Boulos, M. N. K., L. Hetherington, et al. (2007). Second Life: an overview of the potential of 3‐D virtual worlds in medical and health education. Health Information & Libraries Journal 24(4): 233-245.
Brown, J. S., Collins, A., &Duguid, P. 2009. Situated Cognition and the Culture of Learning. Educational Researcher, 18(1), 32-42.
Comas-Quinn, A., Mardomingo, R., & Valentine, C. (2009). Mobile blogs in language learning: Making the most of informal and situated learning opportunities. ReCALL, 21(1), 96–112.
Dev, P., P. Youngblood, et al. (2007). Virtual worlds and team training. Anesthesiology clinics 25(2): 321-336.
Gail W. 2004. Online interaction impacts on learning: Teaching the teachers to teach online. Australasian Journal of Educational Technology, 20(1), 33-48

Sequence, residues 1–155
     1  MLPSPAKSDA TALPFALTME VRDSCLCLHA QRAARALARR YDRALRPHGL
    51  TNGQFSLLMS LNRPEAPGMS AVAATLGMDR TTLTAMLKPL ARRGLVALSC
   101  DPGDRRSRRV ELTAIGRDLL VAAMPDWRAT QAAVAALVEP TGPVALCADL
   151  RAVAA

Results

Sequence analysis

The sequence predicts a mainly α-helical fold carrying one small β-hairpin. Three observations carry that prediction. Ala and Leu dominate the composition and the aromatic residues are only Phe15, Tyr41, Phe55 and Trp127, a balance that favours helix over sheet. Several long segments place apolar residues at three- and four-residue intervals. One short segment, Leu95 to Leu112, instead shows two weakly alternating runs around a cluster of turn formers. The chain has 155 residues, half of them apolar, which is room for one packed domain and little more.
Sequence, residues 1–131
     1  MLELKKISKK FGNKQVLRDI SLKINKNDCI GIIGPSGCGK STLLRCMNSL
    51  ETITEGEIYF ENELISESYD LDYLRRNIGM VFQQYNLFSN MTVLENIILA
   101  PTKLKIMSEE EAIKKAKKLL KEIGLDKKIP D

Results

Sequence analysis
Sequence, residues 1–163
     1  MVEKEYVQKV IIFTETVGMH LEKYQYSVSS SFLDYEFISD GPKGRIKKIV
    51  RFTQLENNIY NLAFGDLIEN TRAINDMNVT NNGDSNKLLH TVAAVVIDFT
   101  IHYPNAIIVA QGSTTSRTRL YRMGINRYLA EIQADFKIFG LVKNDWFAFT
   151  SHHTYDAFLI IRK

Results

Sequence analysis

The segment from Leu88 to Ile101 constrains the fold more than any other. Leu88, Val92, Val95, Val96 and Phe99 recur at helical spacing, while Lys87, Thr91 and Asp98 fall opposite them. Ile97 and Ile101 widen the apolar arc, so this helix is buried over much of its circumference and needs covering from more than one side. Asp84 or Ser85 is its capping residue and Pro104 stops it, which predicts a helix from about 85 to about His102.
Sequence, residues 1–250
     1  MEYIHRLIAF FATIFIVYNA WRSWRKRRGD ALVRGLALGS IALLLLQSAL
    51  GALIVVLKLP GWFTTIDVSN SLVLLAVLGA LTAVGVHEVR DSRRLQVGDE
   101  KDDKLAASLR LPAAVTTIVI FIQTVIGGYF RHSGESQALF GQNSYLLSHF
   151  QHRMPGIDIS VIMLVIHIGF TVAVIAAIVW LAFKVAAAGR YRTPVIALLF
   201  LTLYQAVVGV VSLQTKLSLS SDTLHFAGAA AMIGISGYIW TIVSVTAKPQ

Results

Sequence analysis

Heinrichs, W. L. R., P. Youngblood, et al. (2008). Simulation for team training and assessment: case studies of online training with virtual worlds. World Journal of Surgery, 32(2): 161-170.
Karalis, T. (2010). Situated and transformative learning: Exploring the potential of critical reflection to enhance organizational knowledge. Development and Learning in Organizations, 24(1), 17-20.
Krumsvik, R.J. (2008). Situated learning and teachers’ digital competence. Education and Information Technologies, 13(4), 279-290.
Lave, J., & Wenger, E. 2000. Situated Learning: Legitimate Peripheral Participation. Cambridge, UK: Cambridge University Press
Norton, P., & Hathaway, D. (2008). On its way to k–12 classrooms, Web 2.0 goes to graduate school. Computers in the Schools, 25(3/4), 163-180.
Priscilla N. & Dawn H. 2008. On Its Way to K–12 Classrooms, Web 2.0 Goes to Graduate School. Computers in the Schools, 25(3-4), 163-180
Slaouti, D. (2007). Teacher learning about online learning: Experiences of a situated approach. European Journal of Teacher Education, 30(3), 285-304.
Wilson, G., & Stacey, E. (2004). Online interaction impacts on learning: teaching the teachers to teach online. Australasian Journal of Educational Technology, 20(1), 33-48.